The hormone insulin plays a key role in reducing the calories in the diet and thus also in the development of obesity. It is released from the pancreas with every meal to ensure that the nutrients ingested are distributed to the body's cells. These have special binding sites (receptors) on their surface, to which insulin attaches. As with the "key and lock principle", a closing contact opens and thus triggers a signal chain. As a result, glucose, amino acids and fats get into the cells and can be burned there to generate energy.
If there is more sugar in the blood than the body cells can use, the sensitivity of the cells to insulin decreases. The body reacts to this by increasing the release of the hormone, so that some of the sugar can still be forced into the cells. The rest is stored in adipose tissue.
Be careful during menopause: Don't put on too much weight
At the same time, insulin blocks fat burning. In a way, it provides for bad times: The large reserves of our body, the belly fat, the liver and the muscles, are replenished. However, these reserves can only be reduced if the blood sugar level has fallen over a longer period of time. However, most of us rarely reach this state of hunger thanks to the many small snacks in the form of chocolate bars, snacks, gummy bears or biscuits. Above all, sweet or sweet-fat snacks with quickly available sugar ensure that insulin is released repeatedly.
Women can still see a few more pillows during the menopause: After all, at the age of 50 and over, you no longer have to starve yourself back to size 36. However, if the scales show one or two kilos more year after year before and during the menopause, women shouldn't just put up with it.
Keeping weight in menopause: exercise and good nutrition
Regular exercise and a healthy diet are the best ways to prevent weight gain or obesity. One is recommended Combination of endurance sports and muscle strengthening, You should exercise at least three times for 45 minutes a week in order to balance the energy. Regular exercise also increases endurance and keeps the heart and circulation fit, prevents osteoporosis, firms the body and helps to cope better with menopausal symptoms such as depressive moods.
Instead of dieting to combat excess weight, menopausal women shouldpay attention to a healthy, balanced diet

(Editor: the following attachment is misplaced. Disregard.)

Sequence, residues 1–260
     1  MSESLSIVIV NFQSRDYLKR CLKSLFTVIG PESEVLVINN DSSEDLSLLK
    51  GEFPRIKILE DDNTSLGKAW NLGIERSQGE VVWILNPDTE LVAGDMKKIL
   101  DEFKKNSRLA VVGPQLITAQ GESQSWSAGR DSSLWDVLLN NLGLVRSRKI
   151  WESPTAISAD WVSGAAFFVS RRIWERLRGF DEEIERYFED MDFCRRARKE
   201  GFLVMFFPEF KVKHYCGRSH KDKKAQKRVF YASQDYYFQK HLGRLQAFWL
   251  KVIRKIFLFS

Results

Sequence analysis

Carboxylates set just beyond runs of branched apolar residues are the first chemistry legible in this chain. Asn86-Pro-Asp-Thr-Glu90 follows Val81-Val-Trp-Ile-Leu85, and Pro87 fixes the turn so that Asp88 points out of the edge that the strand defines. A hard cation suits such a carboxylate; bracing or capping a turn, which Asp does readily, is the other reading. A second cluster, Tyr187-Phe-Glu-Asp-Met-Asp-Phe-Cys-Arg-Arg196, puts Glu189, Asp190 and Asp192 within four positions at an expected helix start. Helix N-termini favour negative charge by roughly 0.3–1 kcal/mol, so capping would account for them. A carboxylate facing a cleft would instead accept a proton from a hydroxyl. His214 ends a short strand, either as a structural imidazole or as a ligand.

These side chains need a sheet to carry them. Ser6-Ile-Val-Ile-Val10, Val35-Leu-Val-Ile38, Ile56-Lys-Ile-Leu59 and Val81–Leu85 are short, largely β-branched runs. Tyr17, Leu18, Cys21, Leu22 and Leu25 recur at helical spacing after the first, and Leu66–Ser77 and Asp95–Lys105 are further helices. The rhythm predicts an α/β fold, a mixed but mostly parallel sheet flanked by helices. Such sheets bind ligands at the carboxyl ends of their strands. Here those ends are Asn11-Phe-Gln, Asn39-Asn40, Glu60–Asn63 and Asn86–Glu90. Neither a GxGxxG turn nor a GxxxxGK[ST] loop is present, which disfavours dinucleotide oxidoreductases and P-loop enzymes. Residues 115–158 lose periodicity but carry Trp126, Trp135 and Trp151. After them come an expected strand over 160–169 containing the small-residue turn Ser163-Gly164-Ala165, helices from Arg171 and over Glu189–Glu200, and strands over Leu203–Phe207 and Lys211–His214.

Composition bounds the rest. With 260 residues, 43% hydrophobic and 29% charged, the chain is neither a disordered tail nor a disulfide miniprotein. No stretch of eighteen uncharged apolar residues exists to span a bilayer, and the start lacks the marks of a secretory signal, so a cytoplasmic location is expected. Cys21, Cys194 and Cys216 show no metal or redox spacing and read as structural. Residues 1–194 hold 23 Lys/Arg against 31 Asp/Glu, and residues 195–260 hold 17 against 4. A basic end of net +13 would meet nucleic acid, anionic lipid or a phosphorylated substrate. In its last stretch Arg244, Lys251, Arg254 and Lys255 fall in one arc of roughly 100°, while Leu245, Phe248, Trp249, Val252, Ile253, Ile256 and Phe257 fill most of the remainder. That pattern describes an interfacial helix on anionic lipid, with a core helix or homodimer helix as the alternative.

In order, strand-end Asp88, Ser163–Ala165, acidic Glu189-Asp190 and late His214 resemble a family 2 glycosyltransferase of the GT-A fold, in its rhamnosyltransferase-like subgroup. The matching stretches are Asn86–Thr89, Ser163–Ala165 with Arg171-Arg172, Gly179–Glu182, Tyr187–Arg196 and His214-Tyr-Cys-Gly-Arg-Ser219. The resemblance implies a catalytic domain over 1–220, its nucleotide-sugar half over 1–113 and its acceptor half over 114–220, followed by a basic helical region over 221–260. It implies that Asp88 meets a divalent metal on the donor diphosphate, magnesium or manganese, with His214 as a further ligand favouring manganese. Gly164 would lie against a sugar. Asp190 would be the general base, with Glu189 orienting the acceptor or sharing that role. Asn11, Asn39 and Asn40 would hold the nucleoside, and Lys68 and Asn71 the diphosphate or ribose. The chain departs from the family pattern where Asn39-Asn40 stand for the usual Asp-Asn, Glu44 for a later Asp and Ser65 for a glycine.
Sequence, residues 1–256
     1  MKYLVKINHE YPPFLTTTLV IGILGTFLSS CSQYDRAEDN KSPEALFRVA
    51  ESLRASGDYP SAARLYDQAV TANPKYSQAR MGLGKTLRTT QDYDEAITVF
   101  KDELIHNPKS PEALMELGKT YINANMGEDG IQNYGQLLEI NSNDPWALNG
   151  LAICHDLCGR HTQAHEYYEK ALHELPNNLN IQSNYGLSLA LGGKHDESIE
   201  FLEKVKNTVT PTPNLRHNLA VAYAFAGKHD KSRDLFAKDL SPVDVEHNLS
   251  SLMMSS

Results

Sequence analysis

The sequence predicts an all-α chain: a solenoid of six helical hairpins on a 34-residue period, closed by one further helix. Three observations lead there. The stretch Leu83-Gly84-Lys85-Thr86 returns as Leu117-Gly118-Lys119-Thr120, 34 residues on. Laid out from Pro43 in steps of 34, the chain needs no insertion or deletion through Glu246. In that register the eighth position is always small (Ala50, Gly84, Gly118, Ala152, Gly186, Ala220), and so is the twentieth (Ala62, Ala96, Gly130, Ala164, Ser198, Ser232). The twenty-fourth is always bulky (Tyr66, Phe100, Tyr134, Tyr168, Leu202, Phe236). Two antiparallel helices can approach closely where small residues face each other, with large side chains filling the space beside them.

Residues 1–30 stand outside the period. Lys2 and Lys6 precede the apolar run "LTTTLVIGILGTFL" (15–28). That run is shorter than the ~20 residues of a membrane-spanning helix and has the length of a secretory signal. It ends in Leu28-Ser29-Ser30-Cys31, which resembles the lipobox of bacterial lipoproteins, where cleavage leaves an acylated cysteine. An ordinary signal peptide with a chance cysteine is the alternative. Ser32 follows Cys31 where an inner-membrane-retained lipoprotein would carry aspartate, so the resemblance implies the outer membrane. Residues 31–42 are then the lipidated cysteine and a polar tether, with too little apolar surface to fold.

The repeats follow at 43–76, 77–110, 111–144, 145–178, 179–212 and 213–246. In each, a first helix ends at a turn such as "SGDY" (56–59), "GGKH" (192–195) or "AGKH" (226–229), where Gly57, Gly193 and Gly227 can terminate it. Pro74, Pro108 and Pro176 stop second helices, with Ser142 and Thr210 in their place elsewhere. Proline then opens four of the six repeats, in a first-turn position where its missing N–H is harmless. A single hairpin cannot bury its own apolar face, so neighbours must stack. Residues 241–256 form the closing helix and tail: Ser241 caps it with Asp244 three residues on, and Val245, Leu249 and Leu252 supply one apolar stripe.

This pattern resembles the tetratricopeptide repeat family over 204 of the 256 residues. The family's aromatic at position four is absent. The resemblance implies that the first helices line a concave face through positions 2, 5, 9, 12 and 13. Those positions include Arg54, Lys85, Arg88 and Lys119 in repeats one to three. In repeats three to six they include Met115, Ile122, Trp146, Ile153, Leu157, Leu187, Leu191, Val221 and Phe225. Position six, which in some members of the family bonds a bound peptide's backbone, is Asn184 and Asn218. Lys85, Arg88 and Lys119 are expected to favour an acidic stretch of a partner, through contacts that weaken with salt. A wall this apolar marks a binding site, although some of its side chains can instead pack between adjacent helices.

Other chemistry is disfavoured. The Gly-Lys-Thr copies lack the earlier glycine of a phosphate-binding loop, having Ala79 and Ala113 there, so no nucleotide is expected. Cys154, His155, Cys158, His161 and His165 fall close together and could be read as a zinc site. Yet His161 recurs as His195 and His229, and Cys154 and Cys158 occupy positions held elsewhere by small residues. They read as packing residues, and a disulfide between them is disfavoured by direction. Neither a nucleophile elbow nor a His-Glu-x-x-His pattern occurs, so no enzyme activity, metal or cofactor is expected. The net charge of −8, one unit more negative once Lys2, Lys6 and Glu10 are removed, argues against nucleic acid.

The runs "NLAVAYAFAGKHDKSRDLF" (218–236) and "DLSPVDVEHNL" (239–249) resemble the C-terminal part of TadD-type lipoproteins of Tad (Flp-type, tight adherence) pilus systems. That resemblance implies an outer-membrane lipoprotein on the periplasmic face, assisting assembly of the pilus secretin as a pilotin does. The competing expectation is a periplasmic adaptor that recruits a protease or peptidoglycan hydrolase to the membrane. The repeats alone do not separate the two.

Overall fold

. Experts like Detlef Pape recommend three proper meals a day and avoiding snacks in between. Carbohydrates should predominate for breakfast, for example in the form of several slices of bread with jam or honey.
Carbohydrates and fat - the optimal meals
For lunch, Pape recommends healthy mixed foods. In the evening, he advises eating protein and largely avoiding foods rich in carbohydrates. The reason is that fat burning usually takes place mainly at night. For dinner, for example, chicken, grilled meat or an egg pan with some salad or vegetables are recommended.
On the other hand, it is better to use fat and sugar sparingly. Sweets, snacks and alcoholic beverages in particular bring a lot of calories. Unfortunately, they are now noticeable much faster than additional kilos on the scales. But that doesn't mean that women have to practice asceticism during menopause: Enjoyment is still allowed. However, if you consciously adjust your eating behavior during menopause to the reduced energy requirements in old age and to hormonal changes, you can face the issue of weight gain calmly and relaxed.
Hormones are said to relieve menopausal symptoms
Hormone treatment can help women with obesity, hot flashes, depressed moods, sleep disorders and other symptoms that can come with the menopause. However, many affected women fear that they will gain additional weight by taking hormones. However, these fears are unfounded. It is true that women often gain one to two kilograms in weight at the beginning of hormone treatment. However, this is primarily due to water retention.
Last updated: July 01, 2019
- German Nutrition Society: Men of normal weight in the minority, press, DGE aktuell, 2008, accessed at: http://www.dge.de/presse/pm/normalgewichtige-maenner-in-der-minderheit/; Jund R, Birk M and Heufelder A: The basics of prevention. riva Verlag Munich 2007
- Pape, D .: Full - Slim - Healthy. The practical nutrition book based on the insulin principle. Deutscher Ärzte-Verlag 2003
- German Nutrition Society
- National Consumption Study II. Ed. Federal Ministry for Food, Agriculture and Consumer Protection
- Journal of Applied Physiology, Human Reproduction, The Journal of Clinical Endocrinology & Metabolism, and Journal für Menopause